Google’s Two Email Applications
In mid-2017, there are dozens of email applications available on the Google Play Store. Google has two Android applications to access your Gmail account: in one corner there’s the Gmail application and in the other, there’s the Google Inbox application. These two applications provide access to your Gmail account, but are different in their approach. Let’s take a look at these two apps and why you might prefer one over the other, but before we do we’ll take a quick trip through history.
Google originally developed the Gmail and Email applications for Android. Gmail was designed exclusively for Gmail, or Google, accounts and the Email application was to be used for everything else.
In late 2014, Google introduced the “Inbox by Gmail” application and service. This is billed as a “completely different type of inbox, designed to focus on what really matters.” In use, the Inbox application and service is designed to make Gmail far more accessible than before by automagically bundling up emails into various Inbox-designed categories and similar.
Around the same time, the Gmail application started gaining new features. Customers could add other email accounts into the Gmail app, including corporate email. Suddenly, Gmail was not just for Gmail but also for Hotmail, Yahoo, GMS and your work accounts. For a while, the Gmail and Email applications seemed to compete with one another until in mid-2015, coinciding with Android Lollipop, Google killed the standalone Email application. Customers were forced to either pick up another email application or migrate their accounts into Gmail.
Since 2015, both Gmail and Inbox have evolved. Let’s take a look at the two applications.
The stock Gmail application is the one that comes with all Android devices that are able to use the Google Play Store. At the time of writing, the Gmail application can handle pretty much any email account you might have. Gmail provides the core essential functionality that you might want from a mobile email application, but there’s nothing too fancy. Non-Gmail accounts can have a number of synchronisation options setup from push through to hourly, including a “never” option. All accounts set up into the Gmail application can be used by the Google Feed (the new name for Google Now) and this means that the Google Now screen can interact with all of your email accounts.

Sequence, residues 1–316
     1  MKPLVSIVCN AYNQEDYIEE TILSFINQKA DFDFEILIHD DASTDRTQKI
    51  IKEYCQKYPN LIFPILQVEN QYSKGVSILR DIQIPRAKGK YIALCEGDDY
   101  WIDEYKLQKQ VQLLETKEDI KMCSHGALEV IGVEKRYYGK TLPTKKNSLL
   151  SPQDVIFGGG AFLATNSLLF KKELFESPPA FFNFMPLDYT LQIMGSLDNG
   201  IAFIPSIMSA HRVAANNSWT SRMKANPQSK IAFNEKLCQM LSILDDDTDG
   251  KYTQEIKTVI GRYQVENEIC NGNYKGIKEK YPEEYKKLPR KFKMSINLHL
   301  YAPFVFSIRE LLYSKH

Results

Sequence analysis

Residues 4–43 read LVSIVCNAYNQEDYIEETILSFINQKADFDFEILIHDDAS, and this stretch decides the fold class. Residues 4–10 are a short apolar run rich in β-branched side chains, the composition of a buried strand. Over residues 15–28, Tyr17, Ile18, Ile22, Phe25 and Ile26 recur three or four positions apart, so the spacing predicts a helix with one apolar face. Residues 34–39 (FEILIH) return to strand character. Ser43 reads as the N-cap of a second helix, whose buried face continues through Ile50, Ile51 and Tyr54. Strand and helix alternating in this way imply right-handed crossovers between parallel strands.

Gmail has also gained the ability to send smart and quick replies to incoming messages, something borrowed from the Inbox service. There are different ways to set up a Gmail account including providing a variety of top-down labels to categorise email, which include the Primary, Social, Promotions, Updates and Forums categories. Customers can also opt into a “priority email” account option, which aims to separate the important messages from those that are less important. These features can help organise a busy Gmail account, and Google does learn how you use these categories using the web browser but not on the Android platform.
This underpins the Gmail Android application: it’s impossible to change how your Gmail behaves in your account, instead you need to open Gmail in a browser window. From here, you can set up rules and filters to suit.
The Inbox by Gmail service has a different look and feel compared with the Gmail application. Although we’ve covered the Inbox service before, as a quick recap where Gmail is staid and boring, Inbox is fresh and interesting. Inbox smartly collates your email into different categories. You can swipe email away to have it received a set time in the future, and the service learns how you use it on the device in order to organise itself.
There are a couple of caveats. One is that Inbox is not compatible with all of the rules and filters that you might set up in your Gmail account. Another is that the Inbox application only works with a Gmail account.
In testing, I’ve also found the Inbox by Gmail application sometimes fails to send email with an attachment, despite there being a solid Internet connection. However, the Inbox application does not warn me that it is unable to send my email, instead it keeps it in the Outbox and does not keep retrying to send.
It’s difficult for me to recommend the Inbox application because the product still feels unfinished, and because I need multiple email accounts on at least one of my devices. Perhaps I’ve been unlucky, but the sending email glitch has been present for some time now.
This written, Inbox contains some great, thoughtful and useful ways to manage Gmail. Over time some of these features have made their way into the stock Gmail application and perhaps Google will merge the two email clients at some point in the future. I would love to see Gmail gaining the ability to learn customer preferences when it comes to managing labels. Nevertheless, I still drop into the Inbox service from time to time to see what’s new.